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  • My teenage sister was sitting at the picnic table Sunday morning, hunched over and staring at the ground with a blank face.

    “I feel sick,” she finally mumbled. She stood, walked 15 feet, and then bent over and started heaving. Nothing much came up.

    “I knew you wouldn’t be ready for this,” my brother said. “You don’t just start backpacking seven miles a day like it’s nothing. You have to be in shape.”

    My sister, gulping down Tylenol, didn’t respond.

    We were the only group left that morning at the campground deep in the woods. A mile-long access road off the highway split East Camp in two, but the car was still some four miles away at the parking lot next to the staff office.

    Slowly, she shuffled back to the tent and crawled into a sleeping bag.

    * * *

    You see the signs in hindsight. Exhaustion had silenced her cheerful chattering by Saturday afternoon, and she hiked the last few miles red-faced and hunched-over. She pestered us during water breaks to press on; we thought she just wanted to prove herself to us. And she did want that, like she always has. But then you think back, and you see the dazed eyes and feigned smile in the pictures, and you know what she really wanted — for the ordeal to end. She didn’t eat much that night.

    Maybe she didn’t drink enough water. She probably wasn’t prepared for the rigor of a trail that always seemed to be ascending. But whatever it was, on Sunday morning she couldn’t continue.

    I conferred with my Dad and brother, and we decided Dad would stay behind with my sister and tear down the camp. My brother and I would hike back to the car, and then drive down the highway to the access road and East Camp.

    So we ran.

    We knew there was little chance that my sister was sick with anything but exhaustion — she admitted as much — but still we ran the trail, plastic garbage bags keeping the light rain off our backs, of course we ran, because she’s a friend, a foil, a sister who looks up to me, and I’d never be the same if I lost any of my four siblings so early in their lives.

    * * *

    “I feel like I’m in a movie,” I told my brother as we hopped over a stream. “Like I’m Rambo or something, running through the woods on a mission.”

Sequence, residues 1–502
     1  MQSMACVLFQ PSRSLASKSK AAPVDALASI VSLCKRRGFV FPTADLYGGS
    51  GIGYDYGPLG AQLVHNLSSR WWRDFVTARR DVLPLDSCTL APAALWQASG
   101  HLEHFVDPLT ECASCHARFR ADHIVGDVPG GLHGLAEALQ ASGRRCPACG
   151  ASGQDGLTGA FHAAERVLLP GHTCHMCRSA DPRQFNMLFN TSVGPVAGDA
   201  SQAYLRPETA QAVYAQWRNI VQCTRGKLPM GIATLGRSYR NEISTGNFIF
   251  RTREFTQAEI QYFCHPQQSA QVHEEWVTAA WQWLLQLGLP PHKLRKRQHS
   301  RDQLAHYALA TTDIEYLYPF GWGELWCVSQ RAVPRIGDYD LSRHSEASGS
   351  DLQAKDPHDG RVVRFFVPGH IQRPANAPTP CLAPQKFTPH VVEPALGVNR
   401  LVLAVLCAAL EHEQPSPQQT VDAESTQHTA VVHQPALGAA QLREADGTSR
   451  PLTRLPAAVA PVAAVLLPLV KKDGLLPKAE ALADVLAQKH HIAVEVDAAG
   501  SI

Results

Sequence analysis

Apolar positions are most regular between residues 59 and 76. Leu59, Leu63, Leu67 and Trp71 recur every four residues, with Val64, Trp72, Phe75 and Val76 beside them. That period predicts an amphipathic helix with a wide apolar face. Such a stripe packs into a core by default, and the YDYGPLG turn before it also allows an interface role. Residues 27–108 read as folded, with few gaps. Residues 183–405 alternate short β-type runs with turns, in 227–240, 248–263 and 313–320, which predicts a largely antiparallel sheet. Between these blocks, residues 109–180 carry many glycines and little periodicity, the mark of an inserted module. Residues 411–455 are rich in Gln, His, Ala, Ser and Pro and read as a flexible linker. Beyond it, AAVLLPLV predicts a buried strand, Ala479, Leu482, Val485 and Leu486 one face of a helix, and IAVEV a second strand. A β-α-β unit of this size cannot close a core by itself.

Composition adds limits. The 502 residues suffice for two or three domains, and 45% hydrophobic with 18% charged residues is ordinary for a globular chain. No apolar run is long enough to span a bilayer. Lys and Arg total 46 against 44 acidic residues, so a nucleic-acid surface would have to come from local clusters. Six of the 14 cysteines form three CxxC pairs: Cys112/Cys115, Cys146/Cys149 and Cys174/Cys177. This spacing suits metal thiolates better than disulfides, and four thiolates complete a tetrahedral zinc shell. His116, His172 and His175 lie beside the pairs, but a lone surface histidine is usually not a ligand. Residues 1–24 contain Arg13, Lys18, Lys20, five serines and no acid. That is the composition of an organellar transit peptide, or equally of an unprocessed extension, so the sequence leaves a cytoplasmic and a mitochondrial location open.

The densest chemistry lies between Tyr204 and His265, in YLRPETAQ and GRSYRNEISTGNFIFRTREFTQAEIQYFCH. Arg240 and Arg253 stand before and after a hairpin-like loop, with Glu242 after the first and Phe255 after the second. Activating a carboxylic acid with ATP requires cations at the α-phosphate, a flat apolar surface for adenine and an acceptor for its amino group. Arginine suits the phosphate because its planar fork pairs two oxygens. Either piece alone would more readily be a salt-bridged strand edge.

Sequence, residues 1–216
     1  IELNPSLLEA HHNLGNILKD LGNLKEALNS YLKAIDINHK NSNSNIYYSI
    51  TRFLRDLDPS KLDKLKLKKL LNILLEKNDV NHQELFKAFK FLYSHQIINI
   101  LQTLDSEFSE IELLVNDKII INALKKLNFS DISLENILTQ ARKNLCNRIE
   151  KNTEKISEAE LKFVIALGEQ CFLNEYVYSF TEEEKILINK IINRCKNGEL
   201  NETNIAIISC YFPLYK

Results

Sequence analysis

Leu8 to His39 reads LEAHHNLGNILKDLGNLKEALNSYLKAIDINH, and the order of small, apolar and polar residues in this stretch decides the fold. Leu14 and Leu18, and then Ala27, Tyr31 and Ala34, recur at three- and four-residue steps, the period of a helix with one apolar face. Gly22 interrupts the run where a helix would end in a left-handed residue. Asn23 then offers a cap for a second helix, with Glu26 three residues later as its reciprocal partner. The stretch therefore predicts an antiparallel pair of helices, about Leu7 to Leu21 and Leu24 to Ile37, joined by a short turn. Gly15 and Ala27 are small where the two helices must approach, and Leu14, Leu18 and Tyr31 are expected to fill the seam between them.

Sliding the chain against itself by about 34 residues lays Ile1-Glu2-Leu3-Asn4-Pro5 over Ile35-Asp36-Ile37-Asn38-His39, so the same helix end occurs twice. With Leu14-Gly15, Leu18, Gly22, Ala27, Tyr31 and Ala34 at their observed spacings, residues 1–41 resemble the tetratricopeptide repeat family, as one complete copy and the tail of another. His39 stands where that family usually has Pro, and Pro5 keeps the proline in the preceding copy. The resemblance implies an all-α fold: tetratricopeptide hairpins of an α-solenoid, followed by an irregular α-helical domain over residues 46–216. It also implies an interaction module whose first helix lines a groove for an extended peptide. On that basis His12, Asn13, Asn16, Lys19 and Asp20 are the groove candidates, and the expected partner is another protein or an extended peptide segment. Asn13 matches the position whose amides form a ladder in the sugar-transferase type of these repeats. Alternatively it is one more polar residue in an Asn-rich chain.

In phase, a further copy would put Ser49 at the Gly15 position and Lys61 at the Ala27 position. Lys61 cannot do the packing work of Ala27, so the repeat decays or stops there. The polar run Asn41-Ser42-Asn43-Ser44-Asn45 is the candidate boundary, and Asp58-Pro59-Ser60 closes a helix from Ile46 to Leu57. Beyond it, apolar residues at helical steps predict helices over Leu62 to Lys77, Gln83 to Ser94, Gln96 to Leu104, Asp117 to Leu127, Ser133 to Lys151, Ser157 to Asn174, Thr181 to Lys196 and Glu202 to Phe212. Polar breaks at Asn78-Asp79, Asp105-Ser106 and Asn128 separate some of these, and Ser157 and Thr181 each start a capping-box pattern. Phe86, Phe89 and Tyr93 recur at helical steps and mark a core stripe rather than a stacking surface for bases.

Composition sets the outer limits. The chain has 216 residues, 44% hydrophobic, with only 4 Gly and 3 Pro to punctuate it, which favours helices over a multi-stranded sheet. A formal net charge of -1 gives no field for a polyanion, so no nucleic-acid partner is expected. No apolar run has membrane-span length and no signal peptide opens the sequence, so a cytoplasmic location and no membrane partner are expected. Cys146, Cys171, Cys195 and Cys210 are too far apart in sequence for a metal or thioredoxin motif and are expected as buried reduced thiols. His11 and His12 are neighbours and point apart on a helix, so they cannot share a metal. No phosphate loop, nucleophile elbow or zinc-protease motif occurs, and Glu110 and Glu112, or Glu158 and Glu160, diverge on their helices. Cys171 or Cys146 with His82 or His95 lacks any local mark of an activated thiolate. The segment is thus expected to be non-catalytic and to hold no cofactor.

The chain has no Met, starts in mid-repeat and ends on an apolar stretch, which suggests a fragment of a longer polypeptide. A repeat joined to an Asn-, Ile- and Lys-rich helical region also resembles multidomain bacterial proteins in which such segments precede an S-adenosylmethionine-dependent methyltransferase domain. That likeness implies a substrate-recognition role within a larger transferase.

My brother, with a very large knife strapped to his leg, laughed and hurdled a log.

    “Oh, she’s never going to live this one down,” he said.

    Levity keeps you sane sometimes, eases the biting unease and fear of the unknown, because if you can joke about it right then in the middle of the storm and spit in the eye of tragedy, then things can’t be all that bad, can they?

    * * *

    We ran the four miles of trail, in and out of slick, muddy ravines, in less than an hour. Another group of backpackers had just finished — I recognized one of the hikers; he’d taken a photo of the four of us the day before — and they were loading gear at the other end of the parking lot. They stared at us quizzically as my brother and I strolled up to the car, minus packs and companions, and drove away. “Yeah, the knife doesn’t really help things, either,” my brother said, chuckling. I kept waiting for the sheriff to come screaming down the road.

    The access road was blocked by a locked fence, so we parked on the side of the road and hiked in to the campground. Dad waved in the distance.

    * * *

    Relief is all I felt. At camp, my sister had mostly recovered her strength, and within hours she was gobbling down a burger and fries at a Culver’s in Urbana.

    She carried her own pack down the road to the car, waving off our ribbing. “We’re doing this again next year, you know. All of it.”
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